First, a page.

Disillusionment with the two-party American political system has been around for a long time, but with a polarizing President in the White House and gerrymandered districts that tend to push major party candidates towards more extreme primary election positions, it’s rarely been higher.
“The fastest growing group in North Carolina is neither Democrat nor Republican, but it’s unaffiliated,” said Dr. Chris Cooper, a political science professor at Western Carolina University. “There’s actually more unaffiliated voters than Republicans in the state right now.”
Although Haywood County’s municipal elections in Canton, Clyde and Maggie Valley will garner the most attention through November, state legislative campaigns will fire up shortly thereafter — if not sooner.
The schism between the Haywood County Republican Party and the Haywood Republican Alliance isn’t unique to this party, this county or this era.
After a busy week of rallies around the country, the state and the county, progressives gathered at the Historic Haywood Courthouse April 23 to speak out on healthcare and welcome Asheville Republican Congressman Mark Meadows’ first Democratic challenger.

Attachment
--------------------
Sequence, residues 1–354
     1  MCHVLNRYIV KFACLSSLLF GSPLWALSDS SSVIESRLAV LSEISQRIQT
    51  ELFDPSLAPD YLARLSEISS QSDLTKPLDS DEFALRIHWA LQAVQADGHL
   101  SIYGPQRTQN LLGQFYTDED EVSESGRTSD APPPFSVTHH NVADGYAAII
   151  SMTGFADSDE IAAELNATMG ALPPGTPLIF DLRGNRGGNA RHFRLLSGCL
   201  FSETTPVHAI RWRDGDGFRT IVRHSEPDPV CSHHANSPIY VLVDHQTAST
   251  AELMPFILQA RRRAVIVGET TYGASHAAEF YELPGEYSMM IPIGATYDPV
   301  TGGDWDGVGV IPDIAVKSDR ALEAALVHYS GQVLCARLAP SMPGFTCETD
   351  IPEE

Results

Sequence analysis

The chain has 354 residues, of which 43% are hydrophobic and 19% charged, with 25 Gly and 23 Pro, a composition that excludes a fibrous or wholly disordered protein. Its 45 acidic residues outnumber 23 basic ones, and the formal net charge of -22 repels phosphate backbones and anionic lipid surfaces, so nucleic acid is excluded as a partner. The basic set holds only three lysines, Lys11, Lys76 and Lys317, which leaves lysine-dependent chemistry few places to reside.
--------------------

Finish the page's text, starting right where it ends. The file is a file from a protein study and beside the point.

Born in Florida but raised in tiny Blue Ridge, Georgia — just a few miles outside of Murphy and not far from where Tennessee borders Georgia and North Carolina — Matt Coffay, 30, has spent a little over a decade in Western North Carolina, after moving to Asheville to attain a degree in philosophy.
Members of several progressive groups concerned over the moral and monetary implications of Affordable Care Act repeal in rural Western North Carolina say that although their congressman isn’t listening to them now, maybe he’ll hear them in 2018.
A progressive tour de force has emerged across the mountains since the election of President Donald Trump.
Thousands of pop-up progressive activist groups have emerged around the country since November’s election.
The Swain County Board of Commissioners now has a vacancy after the sudden and saddening loss of longtime Commissioner David Monteith.
Joe Sam Queen counts his campaign wins and losses like innings in a baseball game.